USGS scientists used nearly 30 years of Earth observation data to analyze past climate patterns over 3,216 square miles (8,330 km2) of southwestern Wyoming in order to forecast sagebrush abundance in 2050, a key habitat for the greater sage-grouse. Sage-grouse are found in parts of 11 U.S. States and two Canadian provinces in western North America, but Wyoming is a stronghold for the populations. These birds rely on sagebrush ecosystems, which constitute the largest single North American shrub ecosystem and provide vital ecological, hydrological, biological, agricultural, and recreational ecosystem services. The U.S. Fish and Wildlife Service is formally reviewing the status of greater sage-grouse to determine if the species is warranted for listing under the Endangered Species Act.
The USGS study examined the impact of historical precipitation change on key components of sagebrush ecosystems from 1984 to 2011. These historical patterns of sagebrush ecosystem vegetation, discerned from long-term Landsat imagery records, were then combined with Intergovernmental Panel on Climate Change (IPCC) precipitation scenarios to model and forecast the most likely changes in sagebrush habitat from 2006 to 2050.
Projected precipitation patterns for 2050 resulted in decreased amounts of sagebrush and other shrubs, grasses, and flowering plants (forbs), and increased amounts of bare ground. When these changes were translated to sage-grouse habitat, researchers concluded that there was a potential loss of 12% of sage-grouse nesting habitat and ~4% of sage-grouse summer habitat by 2050. Results also demonstrate the vulnerability of semiarid lands, such as sagebrush habitat, to precipitation changes because of their already low soil moisture content.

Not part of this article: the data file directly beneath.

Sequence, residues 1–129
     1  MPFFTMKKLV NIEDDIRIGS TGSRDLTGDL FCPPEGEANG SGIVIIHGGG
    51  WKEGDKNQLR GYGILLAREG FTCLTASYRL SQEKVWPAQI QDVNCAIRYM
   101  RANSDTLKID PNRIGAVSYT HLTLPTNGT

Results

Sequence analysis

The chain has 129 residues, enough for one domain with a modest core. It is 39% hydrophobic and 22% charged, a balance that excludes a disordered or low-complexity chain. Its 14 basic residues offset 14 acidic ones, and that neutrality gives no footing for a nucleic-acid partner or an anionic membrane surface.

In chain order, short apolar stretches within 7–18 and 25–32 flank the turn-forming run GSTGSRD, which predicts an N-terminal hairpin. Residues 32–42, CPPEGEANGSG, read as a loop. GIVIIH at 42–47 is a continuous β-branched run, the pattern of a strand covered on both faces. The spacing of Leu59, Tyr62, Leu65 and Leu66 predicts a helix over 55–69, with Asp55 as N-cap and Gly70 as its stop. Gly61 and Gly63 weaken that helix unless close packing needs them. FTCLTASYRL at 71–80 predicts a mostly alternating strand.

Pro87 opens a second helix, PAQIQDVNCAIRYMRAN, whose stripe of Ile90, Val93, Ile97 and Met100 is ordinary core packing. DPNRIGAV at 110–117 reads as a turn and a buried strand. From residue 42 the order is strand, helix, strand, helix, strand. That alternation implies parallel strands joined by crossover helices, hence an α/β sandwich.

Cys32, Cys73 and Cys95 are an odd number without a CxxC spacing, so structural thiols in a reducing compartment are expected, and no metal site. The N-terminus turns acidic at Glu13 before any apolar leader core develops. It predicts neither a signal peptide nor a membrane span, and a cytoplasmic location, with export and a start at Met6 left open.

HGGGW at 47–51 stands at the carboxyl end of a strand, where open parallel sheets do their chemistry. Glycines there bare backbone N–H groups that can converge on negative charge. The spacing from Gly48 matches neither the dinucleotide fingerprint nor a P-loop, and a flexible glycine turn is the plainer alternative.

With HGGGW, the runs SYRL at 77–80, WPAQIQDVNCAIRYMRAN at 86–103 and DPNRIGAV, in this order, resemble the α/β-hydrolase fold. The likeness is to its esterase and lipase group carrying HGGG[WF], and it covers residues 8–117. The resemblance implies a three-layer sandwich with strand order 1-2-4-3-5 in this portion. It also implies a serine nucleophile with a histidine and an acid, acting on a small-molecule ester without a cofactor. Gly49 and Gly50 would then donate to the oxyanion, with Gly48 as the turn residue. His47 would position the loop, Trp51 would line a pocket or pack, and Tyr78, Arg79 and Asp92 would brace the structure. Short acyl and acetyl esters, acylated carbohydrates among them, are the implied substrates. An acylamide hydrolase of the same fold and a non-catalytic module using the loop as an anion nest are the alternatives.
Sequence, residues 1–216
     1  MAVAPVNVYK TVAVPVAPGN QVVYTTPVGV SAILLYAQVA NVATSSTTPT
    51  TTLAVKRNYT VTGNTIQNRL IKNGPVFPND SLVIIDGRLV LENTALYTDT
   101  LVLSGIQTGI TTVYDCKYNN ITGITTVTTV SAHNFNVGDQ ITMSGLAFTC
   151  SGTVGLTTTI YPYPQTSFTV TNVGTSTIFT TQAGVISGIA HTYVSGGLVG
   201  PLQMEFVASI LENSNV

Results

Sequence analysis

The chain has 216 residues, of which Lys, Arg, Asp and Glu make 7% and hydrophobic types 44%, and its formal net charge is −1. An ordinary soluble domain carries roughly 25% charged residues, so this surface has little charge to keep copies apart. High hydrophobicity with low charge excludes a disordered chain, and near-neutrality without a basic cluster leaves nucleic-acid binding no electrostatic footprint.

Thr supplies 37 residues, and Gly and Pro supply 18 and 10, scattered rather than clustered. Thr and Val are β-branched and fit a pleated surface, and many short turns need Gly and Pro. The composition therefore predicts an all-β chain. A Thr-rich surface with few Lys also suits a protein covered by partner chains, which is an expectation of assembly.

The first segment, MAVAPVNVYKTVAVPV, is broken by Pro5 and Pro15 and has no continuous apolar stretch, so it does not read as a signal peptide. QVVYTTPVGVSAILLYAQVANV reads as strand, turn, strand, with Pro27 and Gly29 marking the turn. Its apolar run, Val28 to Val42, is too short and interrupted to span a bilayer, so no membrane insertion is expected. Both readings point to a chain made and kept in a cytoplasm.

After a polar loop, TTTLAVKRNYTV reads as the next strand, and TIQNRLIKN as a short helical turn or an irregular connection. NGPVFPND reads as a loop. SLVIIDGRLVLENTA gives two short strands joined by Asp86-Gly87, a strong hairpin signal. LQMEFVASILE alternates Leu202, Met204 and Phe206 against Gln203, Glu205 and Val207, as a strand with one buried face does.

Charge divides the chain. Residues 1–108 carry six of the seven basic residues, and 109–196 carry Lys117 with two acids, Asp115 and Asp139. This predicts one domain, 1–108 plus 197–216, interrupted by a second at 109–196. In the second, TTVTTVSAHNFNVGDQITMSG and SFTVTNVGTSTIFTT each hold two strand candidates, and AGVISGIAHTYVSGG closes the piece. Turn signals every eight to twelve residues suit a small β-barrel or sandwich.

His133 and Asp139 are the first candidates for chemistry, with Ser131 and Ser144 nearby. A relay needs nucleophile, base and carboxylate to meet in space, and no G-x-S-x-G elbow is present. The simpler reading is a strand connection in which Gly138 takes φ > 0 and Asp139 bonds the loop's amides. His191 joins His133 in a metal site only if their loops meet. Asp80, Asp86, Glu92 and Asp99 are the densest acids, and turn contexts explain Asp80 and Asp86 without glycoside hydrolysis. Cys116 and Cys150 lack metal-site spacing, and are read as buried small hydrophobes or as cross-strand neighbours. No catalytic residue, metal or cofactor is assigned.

This research explores how to bring climate change results to a more localized scale; in this case, units are as small as a quarter of an acre. Using Landsat and downscaled climate scenarios to enable future forecasts of greater sage-grouse habitat can provide critical information on a more local or regional scale for managers to help them better plan for the future.